Love is the crisis of our work.
When the watcher speaks of love
he is not speaking of history, not
of past and future, but of the love
in which all time has moved, in which
all things were, and are, and are to be,
the love that is before the beginning,
that is beyond the end, that is
entirely present as the flower of day.
Like Christians, birch trees take communion. Beneath a grove of birches lives an extensive network of fungi, which have evolved over the eons in symbiotic relationship with the roots of trees and other plants. Russula, Laccaria, Cortinarius, and other species are essential to the flourishing of plants of all kinds. Through these fungal networks, one tree can send its nutrients to another, less healthy tree, even a tree of a different species. Birches have been known to give of themselves to the firs to eat: “No one has greater love than this, to lay down one’s life for one’s friends” (John 15:13). These fungi act as the priests of the forest and field, allowing the plants above to commune with one another.
People are like trees. They are never as independent as they seem above ground, and they rely on hidden connections to other individuals of the species for nourishment. From a biological standpoint (a standpoint which is never just biological), it begins with the touch of the father, mother, and their newborn baby, and this is something that extends throughout life. We are always in need of the touch of another, whether that be the touch of a hand, or the touch of a word, a gaze, an attentiveness, a simple acknowledgement. These energize us and give us vitality.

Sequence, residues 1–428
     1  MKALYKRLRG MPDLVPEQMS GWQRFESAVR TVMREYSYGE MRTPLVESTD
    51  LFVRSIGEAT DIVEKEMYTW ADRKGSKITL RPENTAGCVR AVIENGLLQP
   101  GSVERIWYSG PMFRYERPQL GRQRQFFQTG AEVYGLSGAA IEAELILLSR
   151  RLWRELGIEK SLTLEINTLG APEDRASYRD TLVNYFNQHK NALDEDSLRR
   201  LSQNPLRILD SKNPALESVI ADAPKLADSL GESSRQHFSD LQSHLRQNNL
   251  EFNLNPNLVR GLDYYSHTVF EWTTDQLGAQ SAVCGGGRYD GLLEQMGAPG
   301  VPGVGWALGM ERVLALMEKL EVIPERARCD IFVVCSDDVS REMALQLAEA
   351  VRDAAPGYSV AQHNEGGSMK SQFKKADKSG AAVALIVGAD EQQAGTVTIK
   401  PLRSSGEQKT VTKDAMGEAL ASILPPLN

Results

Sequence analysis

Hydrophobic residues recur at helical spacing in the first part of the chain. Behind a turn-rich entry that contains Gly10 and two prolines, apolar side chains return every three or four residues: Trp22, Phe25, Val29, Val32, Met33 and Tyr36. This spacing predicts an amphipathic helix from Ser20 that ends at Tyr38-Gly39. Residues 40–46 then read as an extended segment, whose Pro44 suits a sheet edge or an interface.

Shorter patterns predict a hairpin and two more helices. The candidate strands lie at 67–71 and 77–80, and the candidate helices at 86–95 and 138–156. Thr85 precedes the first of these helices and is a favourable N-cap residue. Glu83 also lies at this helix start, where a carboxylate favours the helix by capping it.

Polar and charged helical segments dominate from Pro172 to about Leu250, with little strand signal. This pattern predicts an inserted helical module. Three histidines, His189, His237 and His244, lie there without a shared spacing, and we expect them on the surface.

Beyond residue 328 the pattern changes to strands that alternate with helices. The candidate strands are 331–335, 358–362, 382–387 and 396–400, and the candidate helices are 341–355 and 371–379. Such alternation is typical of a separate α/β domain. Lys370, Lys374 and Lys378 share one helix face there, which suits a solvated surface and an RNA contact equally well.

Without this, we grow anxious. This is partly because with others, we are freed somewhat from the drag of passing time. Anxiety belongs to time: it dwells on the pain of the past, the fear of what is to come, and moments that fall away. When we are with others, we grow free from the bonds of time’s passage. In some sense this is what we are after in all our truly social activities. “A good time occurs,” as the theologian Robert Farrar Capon writes, “precisely when we lose track of what time it is.” Under quarantine, the anxiety of time becomes pronounced, because the flow of our normal life is interrupted, our projects and aims halted, and our uneasiness about where we are headed has the chance to show itself.
The remarkable novel Laurus by the Russian author Eugene Vodolazkin points us toward another way. Laurus (first published in 2013; translated into English by Lisa C. Hayden in 2015) tells the story of a medieval plague doctor named Arseny, whose life shows us how our lives overflow into one another, and how suffering and trouble can be an occasion for approaching our highest happiness: communion.